Human Rights Commission expresses concerns over new laws

NEW laws to excise the Australian mainland from the international refugee convention will discriminate against the most vulnerable people in society, the Australian Human Rights Commission said on Thursday.

Commission president Professor Gillian Triggs expressed disappointment after the Senate approved the bills on Thursday morning.

The bills will mean refugees who make it to the mainland by boat will be taken to offshore detention centres for processing, rather than staying in Australia.

"By targeting 'unauthorised maritime arrivals', the legislation discriminates against vulnerable people and penalises them because of the way they arrive in Australia," Prof Triggs said.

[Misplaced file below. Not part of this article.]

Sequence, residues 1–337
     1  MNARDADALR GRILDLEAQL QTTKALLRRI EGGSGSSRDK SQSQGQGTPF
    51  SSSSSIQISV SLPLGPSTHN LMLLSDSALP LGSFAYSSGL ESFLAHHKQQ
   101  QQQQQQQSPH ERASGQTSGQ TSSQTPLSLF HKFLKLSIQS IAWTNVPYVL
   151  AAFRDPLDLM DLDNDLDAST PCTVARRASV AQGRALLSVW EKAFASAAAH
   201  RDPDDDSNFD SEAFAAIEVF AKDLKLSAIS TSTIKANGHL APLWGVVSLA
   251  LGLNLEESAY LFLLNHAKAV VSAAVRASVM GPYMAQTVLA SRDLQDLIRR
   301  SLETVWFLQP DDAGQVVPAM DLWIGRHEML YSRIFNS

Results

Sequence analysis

"This undermines Australia's obligations under the Refugee Convention."

The commission again raised its concerns about the fate of asylum seekers in the offshore processing system.

"Transferring asylum seekers to third countries may lead to breaches of their human rights, including the right to be free from arbitrary detention and the right of children to have their best interests treated as a primary consideration," Prof Triggs said.

She said children should only ever be detained if it was a measure of last resort and for the shortest appropriate period of time.

"We have serious concerns about the ongoing detention of children on Manus Island in difficult conditions," Prof Triggs said.

"We have recommended that the Australian Government cease transferring asylum-seekers to Manus Island and that asylum-seekers currently on Manus Island be returned to Australia."